Heron and Hummingbird were very good friends, even though one was tall and gangly and awkward and one was small and sleek and fast. They both loved to eat fish. The Hummingbird preferred small fish like minnows and Heron liked the large ones.
Claas Schlaschenschlinger was a wealthy cobbler living on New Street in New Amsterdam. He was a contented bachelor who could afford eight – eight mind you! – pairs of breeches and he had a little side business selling geese. He cut quite a figure in New Amsterdam society, and was happy being single, until he met the fair Anitje! She was as pretty as a picture, and Claas fell head over heels for her. He was not her only suitor, by any means. The local burgomaster was also courting the fair Anitje. But the burgomaster was a stingy, hard man, and in the end, Anitje gave her heart and hand to Claas…
It happened in Georgia not long ago, that a farmer and his wife decided to sleep late, like the rich folk do. It was a beautiful Sunday morning, the kind that brings all God’s creatures out to play. But not these farm folk. No, they just slept and slept and slept…
A while back there was a family I know of – a mother, a father, and several children. Four of them had mouths that were twisted into strange shapes. The mother’s mouth twisted up while the father’s mouth twisted down. The sister’s mouth twisted left while the younger brother’s mouth twisted right. The eldest son John’s mouth was perfectly normal…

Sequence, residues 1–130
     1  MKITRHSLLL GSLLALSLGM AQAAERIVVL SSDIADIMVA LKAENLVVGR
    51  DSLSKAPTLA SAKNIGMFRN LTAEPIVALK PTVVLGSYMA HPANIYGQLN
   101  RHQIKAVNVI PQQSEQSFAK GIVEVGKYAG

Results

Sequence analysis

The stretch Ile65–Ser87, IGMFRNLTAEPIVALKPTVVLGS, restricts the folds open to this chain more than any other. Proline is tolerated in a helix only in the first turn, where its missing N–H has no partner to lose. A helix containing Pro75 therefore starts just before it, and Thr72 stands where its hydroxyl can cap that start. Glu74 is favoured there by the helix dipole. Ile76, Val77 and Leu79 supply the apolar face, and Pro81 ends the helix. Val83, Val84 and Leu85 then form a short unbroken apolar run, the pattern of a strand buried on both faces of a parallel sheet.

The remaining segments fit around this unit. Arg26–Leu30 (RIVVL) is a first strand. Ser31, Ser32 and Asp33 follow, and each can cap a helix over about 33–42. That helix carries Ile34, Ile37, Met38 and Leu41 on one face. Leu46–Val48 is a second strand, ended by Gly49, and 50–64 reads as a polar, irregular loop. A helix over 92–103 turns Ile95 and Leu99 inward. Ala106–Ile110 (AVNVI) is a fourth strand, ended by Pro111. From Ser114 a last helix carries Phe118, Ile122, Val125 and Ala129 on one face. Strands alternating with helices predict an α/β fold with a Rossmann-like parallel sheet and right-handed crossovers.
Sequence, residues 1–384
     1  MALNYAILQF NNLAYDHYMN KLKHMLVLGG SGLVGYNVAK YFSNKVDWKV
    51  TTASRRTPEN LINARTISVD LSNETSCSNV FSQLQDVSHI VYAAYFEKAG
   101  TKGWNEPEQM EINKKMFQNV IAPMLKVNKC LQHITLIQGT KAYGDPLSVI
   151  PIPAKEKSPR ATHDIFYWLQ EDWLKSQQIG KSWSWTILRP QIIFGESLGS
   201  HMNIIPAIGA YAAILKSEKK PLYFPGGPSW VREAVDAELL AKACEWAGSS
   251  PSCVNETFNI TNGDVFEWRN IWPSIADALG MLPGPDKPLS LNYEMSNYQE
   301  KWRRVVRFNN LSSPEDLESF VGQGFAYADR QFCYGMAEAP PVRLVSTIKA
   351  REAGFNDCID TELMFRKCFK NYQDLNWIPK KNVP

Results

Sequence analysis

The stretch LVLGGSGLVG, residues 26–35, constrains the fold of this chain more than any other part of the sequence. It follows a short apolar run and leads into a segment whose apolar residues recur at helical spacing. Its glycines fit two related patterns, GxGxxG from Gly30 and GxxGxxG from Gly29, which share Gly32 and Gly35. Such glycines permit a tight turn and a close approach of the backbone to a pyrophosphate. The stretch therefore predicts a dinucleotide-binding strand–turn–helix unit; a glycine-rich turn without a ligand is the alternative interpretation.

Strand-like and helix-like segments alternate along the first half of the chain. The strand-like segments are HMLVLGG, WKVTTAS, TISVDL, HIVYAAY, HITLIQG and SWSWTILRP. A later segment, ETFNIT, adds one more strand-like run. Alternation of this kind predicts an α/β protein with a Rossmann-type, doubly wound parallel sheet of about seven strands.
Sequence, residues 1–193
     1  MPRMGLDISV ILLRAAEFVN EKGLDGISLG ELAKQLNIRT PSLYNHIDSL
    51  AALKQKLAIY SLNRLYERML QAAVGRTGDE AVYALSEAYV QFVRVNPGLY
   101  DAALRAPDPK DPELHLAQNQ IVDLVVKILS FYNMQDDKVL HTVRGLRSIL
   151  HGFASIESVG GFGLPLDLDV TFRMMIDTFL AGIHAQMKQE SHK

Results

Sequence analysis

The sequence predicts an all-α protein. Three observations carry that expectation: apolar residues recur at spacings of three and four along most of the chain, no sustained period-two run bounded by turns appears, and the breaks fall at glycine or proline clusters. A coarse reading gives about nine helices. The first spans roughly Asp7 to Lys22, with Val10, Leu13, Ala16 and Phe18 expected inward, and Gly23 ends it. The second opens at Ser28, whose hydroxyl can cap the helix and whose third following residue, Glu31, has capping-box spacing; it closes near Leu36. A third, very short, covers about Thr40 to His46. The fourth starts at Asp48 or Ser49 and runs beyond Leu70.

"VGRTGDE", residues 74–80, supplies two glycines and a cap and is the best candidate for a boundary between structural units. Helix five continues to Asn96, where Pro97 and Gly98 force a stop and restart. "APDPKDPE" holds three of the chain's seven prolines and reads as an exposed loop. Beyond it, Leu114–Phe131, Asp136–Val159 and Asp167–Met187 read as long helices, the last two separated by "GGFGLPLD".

A farmer owned a mule which he used for work all week. But being a Church-going man, he let the mule rest on Sunday.
One Sunday, the farmer had to go to a funeral. So he sent his son to saddle the mule.
“Since when do I have to work on Sunday?” asked the mule…
Once, a Kansas farmer sent his son Jack to check on the growth of the corn in the field. Now Jack was not a tall lad, so he decided to take a ladder with him. When he found a nice big stalk of corn, he leaned the ladder against it and climbed up until he could reach the first joint. From there, he proceeded to the top of the cornstalk, and looked out over the field. There was enough corn there for a rich harvest…
Well now, there was a chap that got real sick of working in the big city. One day, he quit his job, packed up his wife and kiddies, and hi-tailed it out to Kansas to become a farmer. Bought a big parcel of land with a grand old barn and some fields just ready to plow and plant…
Now it happened that there was a mining camp in Colorado where more than an average number of the miners were bald. An enterprising hair tonic salesman from Kentucky decided to take advantage of this golden opportunity, so he made the trip north. It was a rainy summer evening. The salesman was headed towards the mining camp with four bottles of hair tonic under his arm. As he was crossing one of the trout streams which lead to the Arkansas River, the salesman slipped and dropped two bottles of hair tonic into the water. The bottles broke, and the hair tonic spilled into the stream…